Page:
After 1990, Soros funds targeted the Russian educational system, providing the entire nation with textbooks. 19 In effect, Soros ensured the indoctrination of an entire generation of Russian youth with OSI propaganda. Soros foundations were accused of engineering a strategy to take control of the Russian financial system, privatization schemes, and the process of foreign investment in that country. Russians reacted angrily to Soros’ legislative meddlings. Critics of Soros and other U. S. foundations said the goal of these maneuvers was to “thwart Russia as a state, which has the potential to compete with the world’s only superpower.” 20 Russians began to suspect Soros and the CIA were interconnected. Business tycoon Boris Berezovsky said, “I nearly fainted when I heard a couple of years ago that George Soros was a CIA agent.” 21 Berezovsky’s opinion was that Soros, and the West, were “afraid of Russian capital becoming strong.”

If the economic and political establishment in the United States fear an economic rivalry from Russia, what better way to control it than to dominate Russian media, education, research centers and science? After spending $250 million for the “transformation of education of humanities and economics at the high school and university levels,” Soros created the International Science Foundation for another $100 million. 22 The Russian Federal Counterintelligence Service (FSK) accused Soros foundations in Russia of “espionage.” They noted that Soros was not operating alone; he was part of a full court press that included financing from the Ford and Heritage Foundations; Harvard, Duke, and Columbia universities, and assistance from the Pentagon and U. S. intelligence services. 23 The FSK criticized Soros’ payouts to 50,000 Russian scientists, saying that Soros advanced his own interests by gaining control of thousands of Russian scientific discoveries and new technologies to collect state and commercial secrets. 24

In 1995, Russians were infuriated by the insinuation of State Department operative Fred Cuny into the conflict in Chechnya. Cuny’s cover was disaster relief, but his history of involvement in international conflict zones of interest to the U. S., plus FBI and CIA search parties, made clear his government connections. At the time of his disappearance, Cuny was working under contract to a Soros foundation. 25 It is not widely known in the U. S. that the violence in Chechnya, a province in the heart of Russia, is generally perceived as the result of a political destabilization campaign on which Washington looks favorably, and may actually be directing. This assessment of the situation is clear enough to writer Tom Clancy that he felt free to include it as an assertion of fact in his best-seller, The Sum of All Fears. The Russians accused Cuny of being a CIA operative, and part of an intelligence operation to support the Chechen uprising. 26 Soros’ Open Society Institute is still active in Chechnya, as are other Soros-sponsored organizations.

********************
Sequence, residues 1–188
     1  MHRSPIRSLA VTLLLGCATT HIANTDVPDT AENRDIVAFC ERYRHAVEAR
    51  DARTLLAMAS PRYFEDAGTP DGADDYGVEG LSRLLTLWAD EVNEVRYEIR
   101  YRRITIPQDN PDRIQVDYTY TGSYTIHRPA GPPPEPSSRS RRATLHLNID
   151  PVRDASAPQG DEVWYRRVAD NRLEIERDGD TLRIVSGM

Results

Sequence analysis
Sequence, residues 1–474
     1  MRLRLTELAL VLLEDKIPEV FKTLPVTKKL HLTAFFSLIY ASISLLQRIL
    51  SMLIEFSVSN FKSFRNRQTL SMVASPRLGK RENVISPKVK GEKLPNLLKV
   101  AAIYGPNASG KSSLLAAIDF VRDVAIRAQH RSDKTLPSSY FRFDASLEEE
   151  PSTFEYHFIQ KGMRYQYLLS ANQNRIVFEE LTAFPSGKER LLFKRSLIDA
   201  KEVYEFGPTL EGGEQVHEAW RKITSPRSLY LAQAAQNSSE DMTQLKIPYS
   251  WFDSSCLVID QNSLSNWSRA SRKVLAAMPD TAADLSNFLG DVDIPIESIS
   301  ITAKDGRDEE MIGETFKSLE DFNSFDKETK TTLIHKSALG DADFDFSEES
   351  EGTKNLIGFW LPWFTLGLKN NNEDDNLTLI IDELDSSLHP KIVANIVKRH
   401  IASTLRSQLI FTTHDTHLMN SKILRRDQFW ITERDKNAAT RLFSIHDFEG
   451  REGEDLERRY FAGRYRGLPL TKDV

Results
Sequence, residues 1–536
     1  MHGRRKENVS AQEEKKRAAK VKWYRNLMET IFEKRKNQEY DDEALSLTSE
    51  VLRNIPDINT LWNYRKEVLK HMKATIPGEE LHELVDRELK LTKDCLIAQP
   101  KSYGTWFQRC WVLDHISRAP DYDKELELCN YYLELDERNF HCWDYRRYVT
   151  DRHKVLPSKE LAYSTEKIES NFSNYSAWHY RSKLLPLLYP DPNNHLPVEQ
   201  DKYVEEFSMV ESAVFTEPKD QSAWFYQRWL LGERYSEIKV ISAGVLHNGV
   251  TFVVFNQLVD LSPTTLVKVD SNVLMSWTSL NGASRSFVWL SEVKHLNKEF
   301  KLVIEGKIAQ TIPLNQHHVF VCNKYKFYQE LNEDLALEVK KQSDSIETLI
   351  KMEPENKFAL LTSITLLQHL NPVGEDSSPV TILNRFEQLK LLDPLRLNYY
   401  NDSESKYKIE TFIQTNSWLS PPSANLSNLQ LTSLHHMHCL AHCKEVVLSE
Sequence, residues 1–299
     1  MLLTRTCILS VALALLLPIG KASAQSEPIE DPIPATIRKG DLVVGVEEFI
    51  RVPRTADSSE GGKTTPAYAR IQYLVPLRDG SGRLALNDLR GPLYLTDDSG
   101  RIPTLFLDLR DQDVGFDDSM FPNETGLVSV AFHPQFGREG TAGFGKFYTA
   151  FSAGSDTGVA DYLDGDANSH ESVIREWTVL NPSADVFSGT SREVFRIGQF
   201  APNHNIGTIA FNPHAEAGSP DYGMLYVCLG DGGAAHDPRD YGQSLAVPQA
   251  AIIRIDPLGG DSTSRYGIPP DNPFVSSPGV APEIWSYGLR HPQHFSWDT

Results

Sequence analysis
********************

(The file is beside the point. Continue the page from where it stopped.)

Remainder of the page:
Russia was the site of at least one joint endeavor to enhance Soros’ balance sheet, arranged with diplomatic assistance from the Clinton administration. In 1999, Secretary of State Madeleine Albright blocked a $500 million loan guarantee by the U. S. Export-Import Bank to the Russian company, Tyumen Oil, on the grounds that it was contrary to U. S. national interests. Tyumen wanted to buy American-made oil equipment and services from Dick Cheney’s Halliburton Company and ABB Lummus Global of Bloomfield, New Jersey. 27 George Soros was an investor in a company that Tyumen had been trying to acquire. Both Soros and BP Amoco lobbied to prevent this transaction, and Albright obliged. 28


Soros’ Open Society Institute has a finger in every pot. Its board of directors reads like a “Who’s Who” of Cold War and New World Order pundits. Paul Goble is Communications Director; ‘he was the major political commentator at Radio Free Europe. Herbert Okun served in the Nixon State Department as an intelligence adviser to Henry Kissinger. Kati Marton is the wife of former Clinton administration UN ambassador and envoy to Yugoslavia, Richard Holbrooke. Marton lobbied for the Soros-funded radio station B-92, also a project of’ the National Endowment for Democracy (another overt arm of the CIA), which was instrumental in bringing down the Yugoslav government.

When Soros founded the Open Society Fund he picked liberal pundit Aryeh Neier to lead it. Neier was the head of Helsinki Watch, a putative human rights organization with an anticommunist bent. In 1993, the Open Society Fund became the Open Society Institute.

Helsinki Watch became Human Rights Watch in 1975. Soros is currently on its Advisory Board, both for the Americas and the Eastern Europe-Central Asia Committees, and his Open Society Fund/Soros/OSI is listed as a funder. 29 Soros is intimately connected to HRW, and Neier wrote columns for The Nation magazine without mentioning that he was on Soros’ payroll. 30

Soros is intimately involved in HRW, although he does his best to hide it. 31 He says he just funds and sets up these programs and lets them run. But they do not stray from the philosophy of the funder. HRW and OSI are close. Their views do not diverge. Of course, other foundations fund these institutions as well, but Soros’ influence dominates their ideology.